Last modified on April 1st, 2020 at 7:51 am
Many people live their entire life without seeing so much as a shooting star in their part of the world, but there is one place you can go where you will get a lot more than you bargained for.
New Zealand is known as a country of wonders and the Southern Lights (Aurora Australis) is one of the most famous wonders of this region. Even though Aurora Australis (The Southern Lights) may not be as popular as Aurora Borealis or the Northern Lights, it is no less impressive.
What Are the Southern Lights?
The southern lights occur when solar winds react with the gases in the atmosphere resulting in a wondrous electrical display of green and white lights in the sky. This rare display is called the southern lights because it is typically seen further to the south although on rare occasions it can be seen in the North Island region of the country.
Because of New Zealand’s proximity to the South Pole where the aurora begins, you might see a light display that would give you a night to remember.
How to know the time for the Southern Lights
Many of the people who travel to New Zealand just to see the southern lights end up getting disappointed because they got the timing wrong. Remember to be in the right place at the right time if you want to experience the southern lights. To know when to visit New Zealand, join one of the many Australis social media groups where you receive notifications about potential southern lights nights. You can also keep an eye on the Aurora Forecast where you can get real-time info about what is happening with the southern lights. Not all these alerts are 100% accurate but they are close enough to give you a general idea of when and where it is happening.
The intensity of the southern lights is calculated in KP, with 1KP being the lowest and 9KP the strongest. If you are lucky, you may stumble on lights between 5 and 7KP.
Where to see the southern lights
Some popular destinations in New Zealand to see the Southern Lights are:
∙ Lake Tekapo: The area surrounding Lake Tekapo in the middle of the South Island is a popular star gazing point. The whole area including the Mackenzie region is an International Dark Sky Reserve, and one of the best places to see the Southern Lights. And if you feel the need to get a closer view, head to the higher ground upon Mount Cook, the first-night sky reserve in New Zealand.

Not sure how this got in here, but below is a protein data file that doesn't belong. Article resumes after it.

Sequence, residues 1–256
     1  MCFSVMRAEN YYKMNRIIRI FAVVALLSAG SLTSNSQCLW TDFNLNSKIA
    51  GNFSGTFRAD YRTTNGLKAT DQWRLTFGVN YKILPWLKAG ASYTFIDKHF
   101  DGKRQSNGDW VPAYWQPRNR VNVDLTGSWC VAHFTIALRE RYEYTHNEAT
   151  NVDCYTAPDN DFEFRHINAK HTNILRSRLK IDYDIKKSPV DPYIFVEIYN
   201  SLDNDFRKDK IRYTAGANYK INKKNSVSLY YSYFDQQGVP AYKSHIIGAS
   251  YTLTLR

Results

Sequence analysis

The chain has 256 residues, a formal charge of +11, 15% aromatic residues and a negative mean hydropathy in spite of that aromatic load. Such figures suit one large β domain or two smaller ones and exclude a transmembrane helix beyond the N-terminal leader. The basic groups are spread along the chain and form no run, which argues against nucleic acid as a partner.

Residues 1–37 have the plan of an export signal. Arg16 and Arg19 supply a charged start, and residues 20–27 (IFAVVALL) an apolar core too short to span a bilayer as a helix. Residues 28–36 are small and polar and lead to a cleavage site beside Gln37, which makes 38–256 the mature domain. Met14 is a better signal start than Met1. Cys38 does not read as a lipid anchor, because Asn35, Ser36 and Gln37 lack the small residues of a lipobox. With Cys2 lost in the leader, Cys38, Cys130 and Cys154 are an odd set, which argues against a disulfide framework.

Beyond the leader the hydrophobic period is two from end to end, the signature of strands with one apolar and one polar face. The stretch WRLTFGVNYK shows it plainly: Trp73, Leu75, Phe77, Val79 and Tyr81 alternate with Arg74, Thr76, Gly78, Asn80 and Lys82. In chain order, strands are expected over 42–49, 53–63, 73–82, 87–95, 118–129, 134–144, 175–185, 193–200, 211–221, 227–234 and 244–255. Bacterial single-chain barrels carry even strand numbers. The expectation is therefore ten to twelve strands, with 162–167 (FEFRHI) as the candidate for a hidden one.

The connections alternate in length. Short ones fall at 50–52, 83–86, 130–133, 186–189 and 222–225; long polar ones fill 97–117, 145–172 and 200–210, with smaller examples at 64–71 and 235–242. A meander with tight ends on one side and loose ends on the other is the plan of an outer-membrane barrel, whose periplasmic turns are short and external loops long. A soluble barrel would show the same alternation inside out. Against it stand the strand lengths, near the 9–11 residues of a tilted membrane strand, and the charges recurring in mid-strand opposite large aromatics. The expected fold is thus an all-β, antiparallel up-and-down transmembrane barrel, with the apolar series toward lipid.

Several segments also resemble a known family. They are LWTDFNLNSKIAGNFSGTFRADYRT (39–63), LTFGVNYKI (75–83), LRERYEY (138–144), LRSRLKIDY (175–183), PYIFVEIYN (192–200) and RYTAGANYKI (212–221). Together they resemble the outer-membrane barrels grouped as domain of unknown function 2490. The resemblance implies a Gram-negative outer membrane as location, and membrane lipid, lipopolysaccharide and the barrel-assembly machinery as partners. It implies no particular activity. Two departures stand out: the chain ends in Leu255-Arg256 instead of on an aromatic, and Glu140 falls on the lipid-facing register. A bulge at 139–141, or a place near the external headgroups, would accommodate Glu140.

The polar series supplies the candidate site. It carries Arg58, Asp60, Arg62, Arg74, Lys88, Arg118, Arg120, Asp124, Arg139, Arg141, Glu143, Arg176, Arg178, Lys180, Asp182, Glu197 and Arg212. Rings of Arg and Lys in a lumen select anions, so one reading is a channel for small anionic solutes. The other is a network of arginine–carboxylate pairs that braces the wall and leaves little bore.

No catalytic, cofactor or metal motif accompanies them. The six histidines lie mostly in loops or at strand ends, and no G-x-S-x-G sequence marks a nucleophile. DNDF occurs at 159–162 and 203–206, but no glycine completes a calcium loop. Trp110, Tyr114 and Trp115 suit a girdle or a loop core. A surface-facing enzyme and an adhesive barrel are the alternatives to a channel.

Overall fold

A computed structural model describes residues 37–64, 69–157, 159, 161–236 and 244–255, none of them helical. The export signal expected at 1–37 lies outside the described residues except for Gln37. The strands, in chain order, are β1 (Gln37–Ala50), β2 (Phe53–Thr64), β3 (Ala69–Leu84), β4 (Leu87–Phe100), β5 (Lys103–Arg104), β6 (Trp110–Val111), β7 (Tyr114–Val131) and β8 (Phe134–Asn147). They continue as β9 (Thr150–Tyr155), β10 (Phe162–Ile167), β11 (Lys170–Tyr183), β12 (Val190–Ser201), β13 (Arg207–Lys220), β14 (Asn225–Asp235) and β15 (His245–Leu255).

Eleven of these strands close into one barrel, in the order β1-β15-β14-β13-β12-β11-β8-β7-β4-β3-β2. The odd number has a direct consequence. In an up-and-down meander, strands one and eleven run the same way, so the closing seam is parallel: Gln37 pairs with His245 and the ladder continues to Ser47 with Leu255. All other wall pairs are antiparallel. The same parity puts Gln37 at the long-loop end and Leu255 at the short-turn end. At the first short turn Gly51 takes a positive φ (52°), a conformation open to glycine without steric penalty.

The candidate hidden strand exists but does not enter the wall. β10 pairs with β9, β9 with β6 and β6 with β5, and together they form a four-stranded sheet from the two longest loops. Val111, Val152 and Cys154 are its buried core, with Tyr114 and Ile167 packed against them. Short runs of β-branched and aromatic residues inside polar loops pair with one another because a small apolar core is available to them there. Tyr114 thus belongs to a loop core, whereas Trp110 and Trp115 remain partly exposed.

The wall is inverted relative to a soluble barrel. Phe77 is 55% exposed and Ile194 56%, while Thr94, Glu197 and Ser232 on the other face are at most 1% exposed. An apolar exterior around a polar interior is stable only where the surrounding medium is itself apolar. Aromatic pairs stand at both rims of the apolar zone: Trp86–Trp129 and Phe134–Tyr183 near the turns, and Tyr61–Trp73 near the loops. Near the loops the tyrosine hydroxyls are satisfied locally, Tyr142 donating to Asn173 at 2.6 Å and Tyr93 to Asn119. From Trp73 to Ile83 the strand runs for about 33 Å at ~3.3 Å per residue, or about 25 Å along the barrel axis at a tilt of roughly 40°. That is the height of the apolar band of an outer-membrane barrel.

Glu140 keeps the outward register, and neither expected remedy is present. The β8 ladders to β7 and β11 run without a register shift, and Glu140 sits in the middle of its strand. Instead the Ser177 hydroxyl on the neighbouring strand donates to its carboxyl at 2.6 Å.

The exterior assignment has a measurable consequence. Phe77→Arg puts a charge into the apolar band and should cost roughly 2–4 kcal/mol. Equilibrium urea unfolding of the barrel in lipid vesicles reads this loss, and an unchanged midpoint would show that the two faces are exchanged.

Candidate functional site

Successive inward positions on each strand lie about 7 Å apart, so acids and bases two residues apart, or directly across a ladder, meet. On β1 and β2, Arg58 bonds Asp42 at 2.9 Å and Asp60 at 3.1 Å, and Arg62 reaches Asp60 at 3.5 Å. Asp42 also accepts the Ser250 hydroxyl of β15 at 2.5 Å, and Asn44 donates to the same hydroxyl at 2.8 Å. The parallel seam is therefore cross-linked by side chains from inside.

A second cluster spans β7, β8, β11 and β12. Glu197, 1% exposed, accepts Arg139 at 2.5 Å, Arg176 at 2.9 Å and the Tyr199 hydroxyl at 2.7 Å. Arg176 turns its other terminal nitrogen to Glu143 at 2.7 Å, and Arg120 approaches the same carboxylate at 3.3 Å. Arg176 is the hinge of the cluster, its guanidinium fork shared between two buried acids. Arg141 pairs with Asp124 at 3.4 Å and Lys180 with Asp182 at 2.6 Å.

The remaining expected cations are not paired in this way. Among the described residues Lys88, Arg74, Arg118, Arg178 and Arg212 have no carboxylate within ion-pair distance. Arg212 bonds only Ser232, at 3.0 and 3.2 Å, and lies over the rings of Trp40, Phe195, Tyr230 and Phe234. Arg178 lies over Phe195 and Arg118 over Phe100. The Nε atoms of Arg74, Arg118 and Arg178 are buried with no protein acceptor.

∙ Stewart Island–New Zealand’s third and most populated island in the South Island is another great place to see the southern lights. On a typical aurora night, you can get great views from a lookout near the center of the main town, Oban. Apart from the Southern Lights which can be seen in this area, over 85% of the island comprises the Rakiura National Park, so there are many things to do during the day while waiting for the Aurora night.
∙ The Catlins: Located in the south of the southern island, The Catlins is a sparsely populated area with little atmospheric pollution that makes the southern lights a wonder to behold. While seeing the southern lights in other parts of the south island in New Zealand is spectacular, experiencing it in the Catlins is mind-blowing. You can also spend the day exploring the waterfalls, thick forests and rugged coastline of the region.
∙ Chatham Island: You will be hard pressed to find a more remote New Zealand location than Chatham Island. This sparsely populated island of about 600 souls is a glorious reserve of nature with incredible skies. On a clear aurora night, the view of the night sky is unbelievable. Don’t forget to carry a good camera and practice your night-time photography skills.
∙ Dunedin: The southern lights have lit up the skies at Dunedin occasionally, but you may be lucky to see this rare display. However, just a few miles northwest of Dunedin is Naseby in Central Otago. In Naseby, your view of the night sky will not be disturbed by bright streetlights. This area also boasts several attractions such as hiking trails, campgrounds, swimming holes and ice packed areas for winter sports.
There are dozens of services that offer trips to the south island of New Zealand and southern light sighting trips. Take advantage of them but make sure you take safety measures when travelling.
When is the best time to see the Southern Lights?
Even though the southern lights occur throughout the year, this phenomenon is rather unpredictable. They often occur with only 30 minutes prior notice. If you are serious about seeing the southern lights in New Zealand, winter is the best time of the year to visit, between March and September; and you will get the best experience around midnight when the sun is on the opposite side of your side of the earth.